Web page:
Speaker: Petra HÃ¼ntemeyer, Michigan Technological University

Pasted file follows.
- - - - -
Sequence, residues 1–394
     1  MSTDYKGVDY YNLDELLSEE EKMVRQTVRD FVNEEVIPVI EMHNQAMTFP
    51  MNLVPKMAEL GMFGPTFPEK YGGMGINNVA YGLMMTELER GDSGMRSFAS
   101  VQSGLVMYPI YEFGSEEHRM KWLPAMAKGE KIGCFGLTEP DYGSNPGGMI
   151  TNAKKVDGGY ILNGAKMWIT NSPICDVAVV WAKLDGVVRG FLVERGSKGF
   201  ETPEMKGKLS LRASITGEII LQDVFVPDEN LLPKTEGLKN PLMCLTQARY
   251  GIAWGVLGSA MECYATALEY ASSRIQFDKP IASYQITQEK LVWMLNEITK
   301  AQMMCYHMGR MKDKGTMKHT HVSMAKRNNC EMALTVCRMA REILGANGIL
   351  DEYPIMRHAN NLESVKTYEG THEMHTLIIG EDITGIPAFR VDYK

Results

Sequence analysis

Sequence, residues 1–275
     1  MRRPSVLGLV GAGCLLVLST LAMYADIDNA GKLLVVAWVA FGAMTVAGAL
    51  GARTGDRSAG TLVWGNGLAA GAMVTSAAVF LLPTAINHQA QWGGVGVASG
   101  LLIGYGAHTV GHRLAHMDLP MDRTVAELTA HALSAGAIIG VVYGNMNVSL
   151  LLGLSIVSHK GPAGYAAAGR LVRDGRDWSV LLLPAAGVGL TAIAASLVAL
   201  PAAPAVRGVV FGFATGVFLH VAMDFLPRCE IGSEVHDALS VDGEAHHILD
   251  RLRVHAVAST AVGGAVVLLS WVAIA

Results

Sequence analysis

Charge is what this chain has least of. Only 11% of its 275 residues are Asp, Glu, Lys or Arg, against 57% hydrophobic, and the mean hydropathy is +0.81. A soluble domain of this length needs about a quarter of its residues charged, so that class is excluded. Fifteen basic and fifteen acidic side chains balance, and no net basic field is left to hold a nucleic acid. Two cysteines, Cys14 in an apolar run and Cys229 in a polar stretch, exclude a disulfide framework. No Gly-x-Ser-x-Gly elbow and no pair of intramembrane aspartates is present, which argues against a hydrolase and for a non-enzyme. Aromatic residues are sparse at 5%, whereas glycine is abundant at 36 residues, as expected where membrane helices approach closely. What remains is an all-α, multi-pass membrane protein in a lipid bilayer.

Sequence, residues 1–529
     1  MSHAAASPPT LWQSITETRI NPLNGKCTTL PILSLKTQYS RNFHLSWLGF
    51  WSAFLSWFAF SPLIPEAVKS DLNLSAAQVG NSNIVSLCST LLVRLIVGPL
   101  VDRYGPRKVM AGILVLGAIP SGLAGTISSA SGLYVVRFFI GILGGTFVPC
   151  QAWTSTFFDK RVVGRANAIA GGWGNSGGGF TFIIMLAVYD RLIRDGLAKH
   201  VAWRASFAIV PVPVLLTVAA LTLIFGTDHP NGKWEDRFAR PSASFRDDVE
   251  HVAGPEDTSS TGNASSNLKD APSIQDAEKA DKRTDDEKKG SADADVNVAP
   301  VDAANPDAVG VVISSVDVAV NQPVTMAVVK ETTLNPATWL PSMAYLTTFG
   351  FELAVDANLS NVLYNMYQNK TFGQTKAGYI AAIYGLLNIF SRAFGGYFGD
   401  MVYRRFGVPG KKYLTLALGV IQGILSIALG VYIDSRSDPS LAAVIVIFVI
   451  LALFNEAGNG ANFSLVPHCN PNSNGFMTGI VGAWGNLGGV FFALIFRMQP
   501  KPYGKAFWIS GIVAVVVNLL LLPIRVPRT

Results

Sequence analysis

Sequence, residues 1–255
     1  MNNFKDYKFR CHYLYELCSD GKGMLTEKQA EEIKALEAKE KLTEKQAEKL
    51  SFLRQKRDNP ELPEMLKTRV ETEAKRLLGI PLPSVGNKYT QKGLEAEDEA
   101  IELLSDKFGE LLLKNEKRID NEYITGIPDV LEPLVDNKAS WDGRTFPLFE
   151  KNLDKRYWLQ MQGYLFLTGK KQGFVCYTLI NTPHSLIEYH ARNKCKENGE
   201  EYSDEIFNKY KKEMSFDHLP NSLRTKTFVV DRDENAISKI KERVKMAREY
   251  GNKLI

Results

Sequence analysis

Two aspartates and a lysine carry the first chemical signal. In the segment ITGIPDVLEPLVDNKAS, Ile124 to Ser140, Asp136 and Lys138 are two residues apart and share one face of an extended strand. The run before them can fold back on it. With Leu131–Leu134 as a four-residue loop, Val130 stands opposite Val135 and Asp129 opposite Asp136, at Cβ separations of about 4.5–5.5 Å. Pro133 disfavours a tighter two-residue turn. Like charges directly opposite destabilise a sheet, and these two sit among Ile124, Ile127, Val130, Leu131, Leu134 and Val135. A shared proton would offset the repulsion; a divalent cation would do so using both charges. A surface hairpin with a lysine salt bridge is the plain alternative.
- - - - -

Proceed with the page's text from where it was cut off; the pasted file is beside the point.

Abstract: Currently, the High-Altitude Water Cherenkov or HAWC Observatory is being built at a site about a two hours drive east of Puebla, Mexico, on the Sierra Negra plateau (4100 m a.s.l.). As an all-sky instrument HAWC is particularly well suited to measure extended and large scale structures in the sky like galactic diffuse gamma-ray emission, or large and small-scale anisotropies. In addition, discoveries of other extended unidentified objects at TeV energies, for example collocated with the aEurooeFermi BubblesaEuro, are possible. In recent years, researchers have focused their attention increasingly on the combination of sky measurements in different wavebands of the electromagnetic spectrum. The construction of HAWC funded through NSF, DoE, and CONACyT is expected to be completed by Fall 2014. Data is already being collected during construction with an increasingly sensitive detector allowing for synchronous observations with instruments at other wavebands such as the Fermi Space Telescopes. I will present scientific potential - especially within the context of multiwavelength astronomy and its relevance to the cosmic-ray origin - and first results of the experiment.